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Microsoft's May Security Update Includes .NET Framework Vulnerabilities

Buried in Microsoft's May bulletins are two .NET Framework fixes that are rated critical and important.

File this under "In Case You Missed It": Microsoft earlier this month, during it's usual security patch update cycle, released two bulletins that had to do with two .NET Framework flaws.

The first, MS15-044, was for a flaw rated critical that could allow remote code execution if a user opens a compromised document or Web page. The flaws specifically pertain to how certain Microsoft technologies parse OpenType and TrueType fonts. In both cases, the bulletin notes that a fix has been made to the way the Windows DirectWrite Library in the Windows OS handles OpenType and TrueType fonts. A full list of the affected software is listed in the bulletin.

In MS15-048, a security update was issued for a flaw that allow a hacker to gain an elevation of privilege through a user's compromised system if that user is tricked into installing a "specially crafted partial trust application." The elevation of privilege could then allow a denial of service attack to disrupt a .NET-enabled site and any apps using .NET Framework. The update corrects "how the .NET Framework decrypts XML data."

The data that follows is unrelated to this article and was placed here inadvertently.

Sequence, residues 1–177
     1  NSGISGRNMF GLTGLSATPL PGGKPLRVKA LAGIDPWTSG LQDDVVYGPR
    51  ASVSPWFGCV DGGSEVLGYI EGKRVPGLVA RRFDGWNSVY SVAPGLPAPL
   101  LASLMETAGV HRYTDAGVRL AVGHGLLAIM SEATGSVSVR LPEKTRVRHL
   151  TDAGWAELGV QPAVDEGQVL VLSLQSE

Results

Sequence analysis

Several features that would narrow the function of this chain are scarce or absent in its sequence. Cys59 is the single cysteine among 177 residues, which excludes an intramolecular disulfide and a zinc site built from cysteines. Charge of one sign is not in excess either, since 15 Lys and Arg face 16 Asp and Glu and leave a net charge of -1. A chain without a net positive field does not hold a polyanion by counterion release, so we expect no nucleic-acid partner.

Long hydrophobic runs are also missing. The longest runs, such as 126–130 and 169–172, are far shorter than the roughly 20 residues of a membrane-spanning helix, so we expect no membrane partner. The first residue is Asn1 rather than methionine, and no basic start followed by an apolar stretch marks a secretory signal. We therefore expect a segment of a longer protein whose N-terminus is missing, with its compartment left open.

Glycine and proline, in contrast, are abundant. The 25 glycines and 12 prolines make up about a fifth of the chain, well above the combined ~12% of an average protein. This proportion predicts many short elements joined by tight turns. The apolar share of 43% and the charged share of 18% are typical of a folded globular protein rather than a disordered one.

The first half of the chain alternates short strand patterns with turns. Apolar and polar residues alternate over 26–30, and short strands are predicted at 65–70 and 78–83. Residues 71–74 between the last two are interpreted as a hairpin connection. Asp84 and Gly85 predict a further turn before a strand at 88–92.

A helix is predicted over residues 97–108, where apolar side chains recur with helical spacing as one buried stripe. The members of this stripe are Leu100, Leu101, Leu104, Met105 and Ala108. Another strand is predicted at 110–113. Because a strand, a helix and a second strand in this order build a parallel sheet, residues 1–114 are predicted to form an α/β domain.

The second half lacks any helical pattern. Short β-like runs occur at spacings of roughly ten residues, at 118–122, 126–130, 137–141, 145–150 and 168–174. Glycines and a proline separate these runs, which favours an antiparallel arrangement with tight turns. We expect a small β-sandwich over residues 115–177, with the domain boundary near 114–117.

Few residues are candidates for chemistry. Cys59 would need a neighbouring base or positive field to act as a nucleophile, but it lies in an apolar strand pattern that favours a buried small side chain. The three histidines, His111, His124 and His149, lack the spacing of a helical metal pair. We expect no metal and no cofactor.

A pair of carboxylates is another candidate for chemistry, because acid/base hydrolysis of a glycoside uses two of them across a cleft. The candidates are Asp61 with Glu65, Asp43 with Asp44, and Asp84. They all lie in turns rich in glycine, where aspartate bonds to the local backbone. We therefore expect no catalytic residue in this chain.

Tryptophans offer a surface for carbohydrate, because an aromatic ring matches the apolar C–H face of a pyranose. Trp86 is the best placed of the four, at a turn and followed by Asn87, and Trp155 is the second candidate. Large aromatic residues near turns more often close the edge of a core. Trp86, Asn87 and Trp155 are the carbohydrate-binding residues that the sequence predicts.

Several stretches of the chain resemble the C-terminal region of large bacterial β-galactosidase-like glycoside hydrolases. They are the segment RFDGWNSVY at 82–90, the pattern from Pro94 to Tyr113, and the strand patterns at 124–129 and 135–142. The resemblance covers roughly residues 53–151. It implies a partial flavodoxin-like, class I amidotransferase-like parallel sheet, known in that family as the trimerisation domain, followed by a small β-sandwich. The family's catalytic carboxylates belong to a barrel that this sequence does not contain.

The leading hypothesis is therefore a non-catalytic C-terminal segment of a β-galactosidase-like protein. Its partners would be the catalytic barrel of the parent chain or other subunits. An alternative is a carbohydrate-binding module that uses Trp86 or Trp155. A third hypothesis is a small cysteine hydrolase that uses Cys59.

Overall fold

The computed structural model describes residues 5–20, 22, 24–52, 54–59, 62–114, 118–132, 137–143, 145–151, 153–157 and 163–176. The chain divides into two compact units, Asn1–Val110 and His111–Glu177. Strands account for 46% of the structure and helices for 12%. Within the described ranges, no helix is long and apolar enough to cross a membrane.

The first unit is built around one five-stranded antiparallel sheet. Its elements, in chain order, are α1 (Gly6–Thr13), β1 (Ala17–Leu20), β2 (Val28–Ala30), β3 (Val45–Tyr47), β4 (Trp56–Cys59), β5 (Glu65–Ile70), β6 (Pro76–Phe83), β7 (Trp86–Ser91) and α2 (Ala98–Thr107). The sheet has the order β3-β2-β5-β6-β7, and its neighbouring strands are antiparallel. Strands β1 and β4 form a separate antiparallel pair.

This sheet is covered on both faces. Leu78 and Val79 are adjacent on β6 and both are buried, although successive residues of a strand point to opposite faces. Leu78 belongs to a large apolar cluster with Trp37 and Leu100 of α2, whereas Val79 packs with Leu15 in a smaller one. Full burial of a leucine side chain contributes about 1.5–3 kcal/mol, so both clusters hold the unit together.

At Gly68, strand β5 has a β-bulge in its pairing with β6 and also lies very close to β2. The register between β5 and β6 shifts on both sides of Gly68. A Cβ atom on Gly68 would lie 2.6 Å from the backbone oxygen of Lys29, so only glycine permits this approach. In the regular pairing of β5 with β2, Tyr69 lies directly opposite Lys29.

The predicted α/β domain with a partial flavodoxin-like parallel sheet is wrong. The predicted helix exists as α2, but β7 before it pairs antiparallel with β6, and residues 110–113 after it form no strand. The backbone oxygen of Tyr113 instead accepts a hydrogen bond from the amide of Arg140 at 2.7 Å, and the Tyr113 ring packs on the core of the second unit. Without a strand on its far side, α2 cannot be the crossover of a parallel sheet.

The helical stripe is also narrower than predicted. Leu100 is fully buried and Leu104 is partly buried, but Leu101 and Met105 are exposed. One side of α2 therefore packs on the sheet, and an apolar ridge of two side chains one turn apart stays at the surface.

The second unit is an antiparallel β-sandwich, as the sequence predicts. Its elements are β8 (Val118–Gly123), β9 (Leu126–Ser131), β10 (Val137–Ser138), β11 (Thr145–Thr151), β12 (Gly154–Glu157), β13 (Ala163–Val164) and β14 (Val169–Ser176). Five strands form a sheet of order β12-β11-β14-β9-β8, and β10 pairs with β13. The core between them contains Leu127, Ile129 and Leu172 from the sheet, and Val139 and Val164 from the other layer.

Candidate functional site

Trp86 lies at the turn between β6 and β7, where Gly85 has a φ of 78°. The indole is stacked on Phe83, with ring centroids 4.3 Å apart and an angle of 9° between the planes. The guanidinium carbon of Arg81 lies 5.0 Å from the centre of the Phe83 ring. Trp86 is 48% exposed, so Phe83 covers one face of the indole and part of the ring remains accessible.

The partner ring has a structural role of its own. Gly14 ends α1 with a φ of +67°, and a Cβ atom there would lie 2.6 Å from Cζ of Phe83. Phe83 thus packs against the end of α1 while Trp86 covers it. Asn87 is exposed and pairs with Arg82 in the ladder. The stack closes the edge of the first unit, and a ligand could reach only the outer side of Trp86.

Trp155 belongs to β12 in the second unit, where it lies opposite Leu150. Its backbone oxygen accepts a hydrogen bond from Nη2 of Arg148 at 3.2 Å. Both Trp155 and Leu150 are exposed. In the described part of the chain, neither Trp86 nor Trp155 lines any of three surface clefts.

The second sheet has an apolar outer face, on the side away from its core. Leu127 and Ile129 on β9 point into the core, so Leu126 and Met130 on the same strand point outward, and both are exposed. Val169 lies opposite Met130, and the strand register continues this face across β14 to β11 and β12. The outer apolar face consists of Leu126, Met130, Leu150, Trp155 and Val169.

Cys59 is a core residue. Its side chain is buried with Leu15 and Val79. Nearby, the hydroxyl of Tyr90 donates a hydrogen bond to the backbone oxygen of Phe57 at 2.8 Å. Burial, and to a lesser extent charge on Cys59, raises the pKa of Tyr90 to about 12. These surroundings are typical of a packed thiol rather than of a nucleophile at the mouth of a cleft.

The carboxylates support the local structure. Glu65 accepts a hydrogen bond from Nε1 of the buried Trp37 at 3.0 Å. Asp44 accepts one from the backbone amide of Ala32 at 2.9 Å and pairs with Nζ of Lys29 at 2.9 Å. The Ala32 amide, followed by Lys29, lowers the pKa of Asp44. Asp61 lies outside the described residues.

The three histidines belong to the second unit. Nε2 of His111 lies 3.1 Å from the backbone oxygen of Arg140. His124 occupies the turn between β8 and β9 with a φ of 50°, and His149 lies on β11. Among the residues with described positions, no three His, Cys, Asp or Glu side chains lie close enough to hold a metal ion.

On a related note, 1105's senior news producer Kurt Mackie reports on the incremental changes that will be coming to the security update cycle, as the company gets closer to releasing Windows 10. "Windows 10, when it gets released as a final product, will have a faster update cycle that will include the delivery of new features along with security patches," writes Mackie. You can read more about it on MCPmag.com here.

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You Tell 'Em, Readers: If you've read this far, know that Michael Domingo, Visual Studio Magazine Editor in Chief, is here to serve you, dear readers, and wants to get you the information you so richly deserve. What news, content, topics, issues do you want to see covered in Visual Studio Magazine? He's listening at [email protected].

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